In 2011, the satirical French newspaper Charlie Hebdo ran this cover:
That’s “guest editor” Muhammad saying “100 lashes if you don’t die laughing!”
For that, Hebdo‘s offices were firebombed and their website was hacked (with messages like “No God but Allah”).
The words translate to “Love is stronger than hate.”
They were right back at it last year with a cover reading “The Koran is crap; it doesn’t stop bullets.”
French Muslims sued them over that cover — even though “blasphemy” isn’t a crime in the country.
Masked gunmen stormed the Paris offices of a satirical newspaper Wednesday, killing 12 people before escaping, in France’s deadliest terror attack in at least two decades.
French President Francois Hollande said the attack on the Charlie Hebdo weekly, which has frequently drawn condemnation from Muslims, is “a terrorist attack, without a doubt,” and said several other attacks have been thwarted in France “in recent weeks.”
While details are still coming in — and I think it’s important not to jump to conclusions until that happens — I sincerely hope no one suggests that the magazine deserved any of this because of their pointed satire. Furthermore, I hope the public reaction — beyond horror and sympathy for the victims — is support for their right to criticize Islam… and everything else, for that matter. Based on the events in 2011, and possibly today, I’d say there’s even more reason for them to keep doing it.
If, indeed, we find out that this was the work of radical Muslims, then I will repeat what I said in 2011: If extremists are going to resort to violence, the solution is to keep the images coming until they become immune to them. We must remind the public that freedom of the press doesn’t mean everything is open to criticism except Islam. And even if moderate Muslims condemn the violence, they need to say that others have every right to mock their faith without fear of retaliation. Their faith may have rules about not drawing images of Muhammad, but the rest of us are under no obligation to abide by them.
***Update***: New Humanist magazine issued this statement:
We are horrified to learn of the attack on the offices of the Paris-based satirical magazine Charlie Hebdo. No journalists should face violence for what they publish — and any attack on journalists is an attack on freedom of expression.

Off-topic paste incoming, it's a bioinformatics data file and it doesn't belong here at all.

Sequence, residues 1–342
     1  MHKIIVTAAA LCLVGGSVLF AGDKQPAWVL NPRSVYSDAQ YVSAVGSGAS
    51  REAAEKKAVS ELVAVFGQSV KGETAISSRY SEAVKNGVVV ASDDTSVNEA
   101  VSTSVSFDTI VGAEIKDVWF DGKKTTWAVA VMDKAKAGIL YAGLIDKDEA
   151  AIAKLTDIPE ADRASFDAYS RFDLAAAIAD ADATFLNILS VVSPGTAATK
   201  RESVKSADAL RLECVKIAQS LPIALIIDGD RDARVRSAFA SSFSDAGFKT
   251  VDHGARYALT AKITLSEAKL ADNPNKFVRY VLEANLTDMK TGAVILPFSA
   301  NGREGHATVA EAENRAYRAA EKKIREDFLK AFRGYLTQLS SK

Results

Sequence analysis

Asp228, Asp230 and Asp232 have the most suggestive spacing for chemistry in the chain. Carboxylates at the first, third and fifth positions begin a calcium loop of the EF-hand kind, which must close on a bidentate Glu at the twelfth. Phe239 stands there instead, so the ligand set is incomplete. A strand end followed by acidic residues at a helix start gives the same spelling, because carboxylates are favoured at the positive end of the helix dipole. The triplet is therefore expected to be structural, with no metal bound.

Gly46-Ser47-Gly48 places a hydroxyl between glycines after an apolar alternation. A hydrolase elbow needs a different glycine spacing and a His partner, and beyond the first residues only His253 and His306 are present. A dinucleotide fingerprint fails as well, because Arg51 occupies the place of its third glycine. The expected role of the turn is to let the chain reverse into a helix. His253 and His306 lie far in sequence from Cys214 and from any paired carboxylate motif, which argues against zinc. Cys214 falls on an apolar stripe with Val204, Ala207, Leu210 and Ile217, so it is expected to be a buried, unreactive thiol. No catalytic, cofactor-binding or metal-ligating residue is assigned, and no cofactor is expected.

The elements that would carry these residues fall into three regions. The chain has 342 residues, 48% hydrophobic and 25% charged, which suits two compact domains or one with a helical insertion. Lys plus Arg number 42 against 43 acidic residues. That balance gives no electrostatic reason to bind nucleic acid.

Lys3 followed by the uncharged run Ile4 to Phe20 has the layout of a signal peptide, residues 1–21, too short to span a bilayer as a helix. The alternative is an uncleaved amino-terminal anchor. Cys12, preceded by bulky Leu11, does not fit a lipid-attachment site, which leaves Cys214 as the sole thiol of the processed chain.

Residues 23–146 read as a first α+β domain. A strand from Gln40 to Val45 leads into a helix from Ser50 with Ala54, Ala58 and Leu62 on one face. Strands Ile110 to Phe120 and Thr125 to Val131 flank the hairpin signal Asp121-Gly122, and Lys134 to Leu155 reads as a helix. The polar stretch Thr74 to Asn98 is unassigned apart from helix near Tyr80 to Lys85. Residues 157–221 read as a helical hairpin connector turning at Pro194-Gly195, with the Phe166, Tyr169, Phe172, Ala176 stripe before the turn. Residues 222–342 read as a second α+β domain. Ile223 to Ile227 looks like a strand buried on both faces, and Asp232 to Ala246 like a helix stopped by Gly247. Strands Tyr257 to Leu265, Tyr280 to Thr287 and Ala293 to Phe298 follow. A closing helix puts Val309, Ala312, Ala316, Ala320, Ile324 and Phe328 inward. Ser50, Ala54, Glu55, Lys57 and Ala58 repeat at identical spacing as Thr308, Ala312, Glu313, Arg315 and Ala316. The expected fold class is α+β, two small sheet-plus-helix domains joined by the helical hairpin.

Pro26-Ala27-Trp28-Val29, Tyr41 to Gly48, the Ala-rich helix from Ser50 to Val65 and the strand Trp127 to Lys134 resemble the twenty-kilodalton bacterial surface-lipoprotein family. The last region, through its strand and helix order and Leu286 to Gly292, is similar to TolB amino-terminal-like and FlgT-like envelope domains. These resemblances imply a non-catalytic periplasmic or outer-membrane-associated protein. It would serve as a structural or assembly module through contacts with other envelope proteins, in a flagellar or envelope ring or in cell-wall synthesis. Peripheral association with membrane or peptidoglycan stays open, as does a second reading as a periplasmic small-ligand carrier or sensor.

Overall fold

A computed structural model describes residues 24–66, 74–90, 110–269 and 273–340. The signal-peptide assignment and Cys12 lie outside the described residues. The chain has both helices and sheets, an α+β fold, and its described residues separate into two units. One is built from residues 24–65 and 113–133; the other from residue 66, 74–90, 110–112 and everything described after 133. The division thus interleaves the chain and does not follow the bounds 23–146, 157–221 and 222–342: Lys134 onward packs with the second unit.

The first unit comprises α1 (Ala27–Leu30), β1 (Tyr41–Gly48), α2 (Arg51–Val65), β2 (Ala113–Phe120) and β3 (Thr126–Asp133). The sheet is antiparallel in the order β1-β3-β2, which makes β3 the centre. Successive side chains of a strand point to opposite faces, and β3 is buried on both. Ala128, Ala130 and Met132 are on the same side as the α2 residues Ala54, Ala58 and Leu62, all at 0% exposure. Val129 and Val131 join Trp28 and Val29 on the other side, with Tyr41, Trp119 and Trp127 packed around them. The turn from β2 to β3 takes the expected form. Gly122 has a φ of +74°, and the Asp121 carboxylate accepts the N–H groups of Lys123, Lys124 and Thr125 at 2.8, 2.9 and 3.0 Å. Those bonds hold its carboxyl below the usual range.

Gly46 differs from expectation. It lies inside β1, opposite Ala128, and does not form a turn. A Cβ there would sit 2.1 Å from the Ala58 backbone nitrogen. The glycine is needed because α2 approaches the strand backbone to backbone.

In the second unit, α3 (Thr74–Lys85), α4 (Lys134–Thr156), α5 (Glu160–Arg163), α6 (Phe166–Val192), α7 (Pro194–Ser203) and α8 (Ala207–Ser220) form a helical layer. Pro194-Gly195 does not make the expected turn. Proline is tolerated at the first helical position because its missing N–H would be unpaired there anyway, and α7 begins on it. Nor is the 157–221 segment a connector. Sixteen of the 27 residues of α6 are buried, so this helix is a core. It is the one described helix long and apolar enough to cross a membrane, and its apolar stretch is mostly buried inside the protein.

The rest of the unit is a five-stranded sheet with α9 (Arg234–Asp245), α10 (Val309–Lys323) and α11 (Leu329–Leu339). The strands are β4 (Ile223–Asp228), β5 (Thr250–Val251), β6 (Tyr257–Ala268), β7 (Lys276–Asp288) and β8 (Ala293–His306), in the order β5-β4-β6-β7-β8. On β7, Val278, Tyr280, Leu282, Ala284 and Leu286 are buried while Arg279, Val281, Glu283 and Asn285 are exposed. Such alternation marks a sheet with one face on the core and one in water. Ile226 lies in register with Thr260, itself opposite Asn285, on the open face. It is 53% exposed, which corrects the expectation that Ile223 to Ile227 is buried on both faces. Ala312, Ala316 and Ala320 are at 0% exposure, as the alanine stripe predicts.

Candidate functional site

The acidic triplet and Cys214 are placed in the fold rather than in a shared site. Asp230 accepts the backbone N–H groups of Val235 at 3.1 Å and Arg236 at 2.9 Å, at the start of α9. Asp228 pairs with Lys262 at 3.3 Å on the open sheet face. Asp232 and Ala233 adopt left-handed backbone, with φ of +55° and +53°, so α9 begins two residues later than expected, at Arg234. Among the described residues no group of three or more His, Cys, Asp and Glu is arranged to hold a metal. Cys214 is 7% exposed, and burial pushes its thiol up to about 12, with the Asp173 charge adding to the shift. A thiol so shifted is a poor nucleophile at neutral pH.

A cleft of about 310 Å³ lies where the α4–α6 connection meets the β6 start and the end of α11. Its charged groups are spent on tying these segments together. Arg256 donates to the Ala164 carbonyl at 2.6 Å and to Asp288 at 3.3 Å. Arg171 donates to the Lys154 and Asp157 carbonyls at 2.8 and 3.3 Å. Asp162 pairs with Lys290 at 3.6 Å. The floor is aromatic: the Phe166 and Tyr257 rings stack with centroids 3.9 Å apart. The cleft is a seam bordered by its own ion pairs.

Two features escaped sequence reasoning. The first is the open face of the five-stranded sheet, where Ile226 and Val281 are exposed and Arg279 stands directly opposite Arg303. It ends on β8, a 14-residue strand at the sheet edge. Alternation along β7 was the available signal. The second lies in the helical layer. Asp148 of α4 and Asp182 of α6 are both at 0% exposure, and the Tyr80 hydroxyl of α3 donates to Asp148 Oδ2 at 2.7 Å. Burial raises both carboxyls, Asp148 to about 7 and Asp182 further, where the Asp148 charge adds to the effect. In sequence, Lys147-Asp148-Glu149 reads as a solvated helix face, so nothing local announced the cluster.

… it’s worth stating that journalists should have the right to publish offensive material without fear of violent retribution. They should have the freedom to publish it, and others should have the freedom to criticise it. Let’s defend those rights.
***Update 2***: There’s reason to believe the gunmen were members of Al Qaeda:
“We’ve avenged the honor of the prophet!” the killers shouted, according to witnesses who spoke to Sky News. The gunmen spoke French without any accent, according to Le Monde
Cartoonist Corine Rey, aka “Coco,” told the weekly Humanité that she let the men inside the building of Charlie Hebdo after being ordered at gunpoint.
“They spoke perfect French,” she said. “They said they were Al Qaeda.”
We are heartbroken by the unthinkable and cowardly attack at the magazine Charlie Hebdo in Paris today, and outraged that such a barbaric act was a response to journalists and satirists exercising their right to free expression.
As a show of support for free expression and the staff of Charlie Hebdo, CFI plans to prominently display on our website (http://www.centerforinquiry.net) the cartoon of ISIS leader Abu Bakr al-Baghdadi that apparently was one of the motivations for the attack. We will not be cowed by the savagery of those few who would like to see the world dragged back to the Dark Ages, who will kill to protect their backward ideologies from criticism, and we will continue to fight for the right of all people to dissent, to satirize, and to freely speak their minds.
***Update 4***: Salman Rushdie‘s response is perfect:
“Religion, a mediaeval form of unreason, when combined with modern weaponry becomes a real threat to our freedoms. This religious totalitarianism has caused a deadly mutation in the heart of Islam and we see the tragic consequences in Paris today. I stand with Charlie Hebdo, as we all must, to defend the art of satire, which has always been a force for liberty and against tyranny, dishonesty and stupidity. ‘Respect for religion’ has become a code phrase meaning ‘fear of religion.’ Religions, like all other ideas, deserve criticism, satire, and, yes, our fearless disrespect.”